It has occured to me since i posted this that many people today wouldn't understand what an accusation of homosexuality meant in 1970. People would be physically in danger. It could affect employment prospects, too. This was just a year after the Stonewall riots in New York.
Val Killmore
 
  1  
Reply Fri 5 Oct, 2012 10:53 am
@Setanta,
so can the school use some idea of ex post facto law as their defense and not say sorry?
0 Replies
 
wmwcjr
 
  1  
Reply Fri 5 Oct, 2012 12:01 pm
http://www.theglobeandmail.com/news/british-columbia/school-board-to-apologize-for-yearbook-slur-printed-42-years-ago/article4590458/
Quote:
School board to apologize for yearbook slur printed 42 years ago

ROD MICKLEBURGH
Vancouver and — The Globe and Mail
Published Thursday, Oct. 04 2012, 7:48 PM EDT
Last updated Thursday, Oct. 04 2012, 9:25 PM EDT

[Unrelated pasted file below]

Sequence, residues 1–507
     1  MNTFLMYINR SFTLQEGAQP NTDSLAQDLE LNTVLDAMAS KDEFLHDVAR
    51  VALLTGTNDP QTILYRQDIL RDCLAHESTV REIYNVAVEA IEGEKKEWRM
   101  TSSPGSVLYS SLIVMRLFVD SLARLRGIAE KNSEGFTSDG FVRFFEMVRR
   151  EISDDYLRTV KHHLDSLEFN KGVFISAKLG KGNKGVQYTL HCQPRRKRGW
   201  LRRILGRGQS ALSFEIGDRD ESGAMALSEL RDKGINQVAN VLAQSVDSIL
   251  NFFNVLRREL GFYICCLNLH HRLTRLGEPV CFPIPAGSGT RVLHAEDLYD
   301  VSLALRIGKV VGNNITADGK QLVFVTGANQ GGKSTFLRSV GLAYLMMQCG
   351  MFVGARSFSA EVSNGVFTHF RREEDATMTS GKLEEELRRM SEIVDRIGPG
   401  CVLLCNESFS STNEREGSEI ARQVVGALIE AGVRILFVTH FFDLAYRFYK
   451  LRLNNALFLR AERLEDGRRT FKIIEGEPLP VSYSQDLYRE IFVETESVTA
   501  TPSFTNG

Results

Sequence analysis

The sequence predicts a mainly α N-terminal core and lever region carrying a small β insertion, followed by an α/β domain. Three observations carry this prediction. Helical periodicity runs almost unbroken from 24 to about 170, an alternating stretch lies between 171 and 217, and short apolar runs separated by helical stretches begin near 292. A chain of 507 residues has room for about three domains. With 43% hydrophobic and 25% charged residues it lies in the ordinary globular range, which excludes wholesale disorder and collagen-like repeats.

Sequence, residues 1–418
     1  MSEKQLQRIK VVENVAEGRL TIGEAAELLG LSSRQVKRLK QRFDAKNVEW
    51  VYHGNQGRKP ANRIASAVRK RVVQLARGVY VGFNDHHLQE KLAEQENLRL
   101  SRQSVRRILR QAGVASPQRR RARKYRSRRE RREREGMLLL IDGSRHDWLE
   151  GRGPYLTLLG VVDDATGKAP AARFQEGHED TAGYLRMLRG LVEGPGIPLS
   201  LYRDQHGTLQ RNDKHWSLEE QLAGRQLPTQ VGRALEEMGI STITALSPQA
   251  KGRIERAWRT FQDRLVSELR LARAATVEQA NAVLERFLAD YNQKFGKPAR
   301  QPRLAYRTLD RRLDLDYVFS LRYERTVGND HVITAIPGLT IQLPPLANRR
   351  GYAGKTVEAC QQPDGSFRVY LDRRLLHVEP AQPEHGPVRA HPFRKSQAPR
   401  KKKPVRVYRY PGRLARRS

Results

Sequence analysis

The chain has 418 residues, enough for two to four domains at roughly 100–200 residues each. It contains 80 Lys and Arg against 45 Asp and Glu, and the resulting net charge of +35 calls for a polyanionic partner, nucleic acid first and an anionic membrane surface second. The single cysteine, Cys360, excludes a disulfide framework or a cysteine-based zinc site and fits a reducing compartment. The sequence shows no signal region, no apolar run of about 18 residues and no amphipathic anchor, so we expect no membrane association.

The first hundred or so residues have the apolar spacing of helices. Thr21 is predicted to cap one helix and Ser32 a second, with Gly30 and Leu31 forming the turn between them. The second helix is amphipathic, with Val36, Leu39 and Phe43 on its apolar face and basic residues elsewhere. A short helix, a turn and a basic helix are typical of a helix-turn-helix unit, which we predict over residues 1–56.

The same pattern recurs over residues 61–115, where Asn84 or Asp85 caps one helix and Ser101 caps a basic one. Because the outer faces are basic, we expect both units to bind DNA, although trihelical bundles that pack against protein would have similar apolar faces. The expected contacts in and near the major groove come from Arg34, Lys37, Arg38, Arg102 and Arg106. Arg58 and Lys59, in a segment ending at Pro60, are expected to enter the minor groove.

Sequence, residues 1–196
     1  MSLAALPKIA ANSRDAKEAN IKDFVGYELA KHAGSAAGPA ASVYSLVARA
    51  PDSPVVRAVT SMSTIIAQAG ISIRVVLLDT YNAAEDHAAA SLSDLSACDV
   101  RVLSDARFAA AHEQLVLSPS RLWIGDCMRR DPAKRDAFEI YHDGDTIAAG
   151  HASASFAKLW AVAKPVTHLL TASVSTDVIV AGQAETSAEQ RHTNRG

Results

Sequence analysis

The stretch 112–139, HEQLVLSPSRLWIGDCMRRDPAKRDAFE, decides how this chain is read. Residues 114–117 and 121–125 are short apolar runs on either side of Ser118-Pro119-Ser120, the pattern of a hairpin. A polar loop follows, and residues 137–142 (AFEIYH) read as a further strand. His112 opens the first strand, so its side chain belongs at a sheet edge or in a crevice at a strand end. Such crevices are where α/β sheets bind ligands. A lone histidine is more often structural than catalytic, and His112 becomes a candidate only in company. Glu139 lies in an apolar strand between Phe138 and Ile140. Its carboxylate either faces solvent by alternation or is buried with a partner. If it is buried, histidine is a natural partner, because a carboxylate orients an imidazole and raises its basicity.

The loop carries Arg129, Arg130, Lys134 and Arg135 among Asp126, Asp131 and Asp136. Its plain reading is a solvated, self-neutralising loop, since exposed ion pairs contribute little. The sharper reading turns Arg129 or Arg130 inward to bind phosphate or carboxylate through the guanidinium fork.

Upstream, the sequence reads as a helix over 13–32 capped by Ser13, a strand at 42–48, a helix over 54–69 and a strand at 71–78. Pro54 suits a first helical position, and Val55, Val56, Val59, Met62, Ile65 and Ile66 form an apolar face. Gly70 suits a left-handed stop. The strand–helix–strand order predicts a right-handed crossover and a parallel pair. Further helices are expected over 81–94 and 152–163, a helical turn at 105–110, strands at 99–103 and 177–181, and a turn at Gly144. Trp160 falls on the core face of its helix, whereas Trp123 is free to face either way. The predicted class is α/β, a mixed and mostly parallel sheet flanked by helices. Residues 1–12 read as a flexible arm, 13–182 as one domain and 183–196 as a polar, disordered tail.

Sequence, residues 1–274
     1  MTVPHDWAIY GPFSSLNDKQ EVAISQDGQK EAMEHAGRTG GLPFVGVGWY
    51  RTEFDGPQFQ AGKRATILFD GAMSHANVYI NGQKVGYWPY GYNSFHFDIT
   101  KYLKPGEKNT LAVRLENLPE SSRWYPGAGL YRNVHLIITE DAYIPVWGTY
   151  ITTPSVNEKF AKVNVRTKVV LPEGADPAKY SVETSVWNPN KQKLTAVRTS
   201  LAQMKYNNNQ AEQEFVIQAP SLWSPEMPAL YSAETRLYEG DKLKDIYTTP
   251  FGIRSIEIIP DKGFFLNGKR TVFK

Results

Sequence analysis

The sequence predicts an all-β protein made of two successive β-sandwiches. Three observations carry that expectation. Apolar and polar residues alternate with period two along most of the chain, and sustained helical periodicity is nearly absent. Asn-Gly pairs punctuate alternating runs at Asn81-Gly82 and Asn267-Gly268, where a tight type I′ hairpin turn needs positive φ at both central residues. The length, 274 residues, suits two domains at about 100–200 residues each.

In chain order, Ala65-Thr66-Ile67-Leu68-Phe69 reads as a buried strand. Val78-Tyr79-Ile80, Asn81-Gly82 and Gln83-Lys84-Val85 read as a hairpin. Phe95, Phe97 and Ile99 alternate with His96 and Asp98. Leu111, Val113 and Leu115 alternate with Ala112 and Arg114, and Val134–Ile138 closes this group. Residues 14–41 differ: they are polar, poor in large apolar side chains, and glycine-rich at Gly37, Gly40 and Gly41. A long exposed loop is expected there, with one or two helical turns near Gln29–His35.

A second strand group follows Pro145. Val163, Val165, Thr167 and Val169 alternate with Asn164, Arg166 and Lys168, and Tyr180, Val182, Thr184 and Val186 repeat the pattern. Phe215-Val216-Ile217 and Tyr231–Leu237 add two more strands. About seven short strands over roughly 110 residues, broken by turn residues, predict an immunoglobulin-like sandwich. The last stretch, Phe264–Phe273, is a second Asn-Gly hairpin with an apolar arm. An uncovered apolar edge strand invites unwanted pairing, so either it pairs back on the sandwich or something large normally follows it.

A former high-school student who had only his name and the word “Fag” printed beside his 1970 yearbook picture says the North Vancouver School District has agreed to apologize personally to him over the incident.

Robin Tomlin said that, as he waits for a liver transplant, he is gratified to finally have the school recognize the hurt he suffered long ago.

“When you’re sick and you’re old, you’ve got your bucket list, and you cross that one off,” he said. “I wanted to get a message out to the kids that you can stand up for yourself.”

Mr. Tomlin said someone from the school board phoned him Thursday afternoon with the news, after he rejected as insufficient an earlier e-mail from the board expressing regret over the incident. “They said they will meet with me and deliver a confidential, private apology and then answer to the media, afterwards, when they go outside,” Mr. Tomlin said in an interview.

He added the school board also agreed to pay for himself and his daughter to travel from the Kootenays, where they live, to North Vancouver. “Media pressure finally got to them,” he said, referring to widespread local news coverage of his complaint over the long-ago picture.

Mr. Tomlin said officials suggested Oct. 22 as a possible date for the meeting, and he agreed.